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Many therapists aim to elicit revelations from their clients-moments of clarity with the power to transform clients' lives by illuminating the thoughts, feelings and experiences that shape their behavior. But what happens when the revelation is the therapist's own? Sometimes, interactions with clients-dramatic and profound, or small but meaningful-change the way psychologists practice.

The practitioners below have all had moments like these. Some epiphanies inspired them to incorporate new methods into their practices, other moments provided insight that they have used and expanded on ever since.

Picture this

Alan Entin, PhD, has always enjoyed photography, but it never occurred to him to use it in his practice until he was faced with a particularly difficult case of marital discord about 20 years ago. The couple was in their late 20s and had been married a year.

"They were experiencing severe marital conflicts resulting in distance and a lack of intimacy, and headed toward a divorce," he recalls. Interestingly, this was the second marriage for both, though they were former college sweethearts. Entin wondered how that first relationship and subsequent break up might be related to a recurrent theme in their present day relationship-their lack of emotional involvement with each other. Had their relationship always been this distant? As an experiment, Entin asked them to bring in some wedding photos and some photos from their college days. The couple provided a photo from a college dance, showing them dressed up and posed-looking not at each other, but away.

"Their expressions were bland and emotionless," says Entin. "They did not look like they were connecting with each other-perhaps regretting they were there."

The wedding photos revealed even more detail about the couple's relationship. In a series taken of the newlyweds proceeding up a set of stairs to start their honeymoon, the couple smiled eagerly on the bottom step, explains Entin. But as they drew closer to the top the groom started to pull away, leaving the wife to, in effect, drag him upstairs. The photos-combined with his conversations with the couple-gave Entin an important insight. The wife wanted closeness and intimacy, and her husband responded by pulling away, he explains. As the therapist talked more with the couple, it became clear that this was a persistent pattern in the relationship.

This particular case showed Entin how powerful photos can be in therapy, both as a tool to spark interpersonal interactions, but also as a method for revealing the past. He went on to develop an approach for looking at family photos using the Bowen family system theory, and uses photos in his practice to this day.

Mirror, mirror

While photos can provide a mirror, Bonnie Markham, PhD, PsyD, attempted to be one herself.

"My training is largely psychodynamic. In my interactions with patients, I believed that I should function as a mirror, a blank screen," she says. However, about 10 years ago, Markham was working with a graduate student who was having trouble with his thesis due to debilitating writer's block-so debilitating that he sometimes had suicidal thoughts.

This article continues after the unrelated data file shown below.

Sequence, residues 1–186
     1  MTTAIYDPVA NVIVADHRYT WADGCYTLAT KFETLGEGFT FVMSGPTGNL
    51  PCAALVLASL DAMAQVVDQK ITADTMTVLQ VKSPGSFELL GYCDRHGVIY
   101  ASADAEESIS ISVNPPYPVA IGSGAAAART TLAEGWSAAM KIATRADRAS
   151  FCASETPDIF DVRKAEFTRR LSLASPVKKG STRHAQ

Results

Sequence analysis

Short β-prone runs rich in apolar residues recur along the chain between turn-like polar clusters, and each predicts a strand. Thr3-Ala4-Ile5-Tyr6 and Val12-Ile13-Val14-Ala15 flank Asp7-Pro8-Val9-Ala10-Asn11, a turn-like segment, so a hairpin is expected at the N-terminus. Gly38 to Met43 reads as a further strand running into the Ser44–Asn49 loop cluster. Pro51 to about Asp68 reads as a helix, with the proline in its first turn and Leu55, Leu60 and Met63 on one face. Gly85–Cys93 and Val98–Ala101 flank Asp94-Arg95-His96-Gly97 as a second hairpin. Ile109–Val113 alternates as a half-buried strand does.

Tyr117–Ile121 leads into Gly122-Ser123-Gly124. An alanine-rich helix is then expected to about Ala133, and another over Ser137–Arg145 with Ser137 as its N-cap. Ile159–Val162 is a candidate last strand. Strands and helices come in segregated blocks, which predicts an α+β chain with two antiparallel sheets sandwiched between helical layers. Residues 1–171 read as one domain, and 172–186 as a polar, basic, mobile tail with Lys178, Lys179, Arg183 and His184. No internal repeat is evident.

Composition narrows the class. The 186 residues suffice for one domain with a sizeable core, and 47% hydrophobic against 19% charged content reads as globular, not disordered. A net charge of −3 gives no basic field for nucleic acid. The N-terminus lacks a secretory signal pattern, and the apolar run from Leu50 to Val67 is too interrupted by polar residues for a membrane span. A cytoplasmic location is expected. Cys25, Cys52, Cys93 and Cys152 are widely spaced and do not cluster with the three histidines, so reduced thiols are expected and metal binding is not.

"One day he was talking about his struggles and I spontaneously mentioned that when I was writing my dissertation in social psychology I had a period of depression and I could hardly get out of bed for the good part of one summer," continues Markham. After the session, Markham panicked, thinking that she'd somehow come across as inappropriate or unprofessional. However, in her next session with the client, he thanked her for sharing her experience. Realizing that Markham-someone who completed two doctoral degrees-had also struggled with depression and was not ashamed to admit it helped him deal with his own depression. He had even made some progress on his thesis.

Markham recently was visited by her former patient. He told her that a major turning point for him was when she had revealed her own depression. As a result of this experience, Markham has brought more of herself to her practice, she says.

"My experiences have allowed me to use my assessment of the patient and my clinical judgment to decide when, what and how much to reveal, rather than assuming that blankness across-the-board is a helpful stance."

A matter of perspective

Learning when not to let experience color her assessment of a patient is something Jana Martin, PhD, learned early in her career.

She worked in the adolescent unit of a state psychiatric hospital with severely disturbed youth, including some who had committed terrible crimes.

It was a hard place to practice, she acknowledges, because the outlook for many of the patients was so bleak.

After about 18 months on the job, she began practicing in a community health center on the weekends. "My first session was with parents who were concerned about their son," she remembers. "They talked about how the son wouldn't make up the bed, wouldn't take his plates to the sink, didn't listen and just wasn't motivated in school."

Martin is not proud to admit what her immediate inner response was. "I thought-what are you doing here? You don't have any problems!" Horrified by her initial response, she realized that her benchmark for adolescent problems had become skewed.

"Sometimes when we deal with the extremes of human difficulties, we can become immune to the impact of other behaviors," she explains. "It's important to see presenting problems in the context of a continuum." It was a powerful lesson for Martin, one that she tries to keep foremost in her mind and practice: "Every client's needs are unique and warrant an understanding of that client's perspective and experience."

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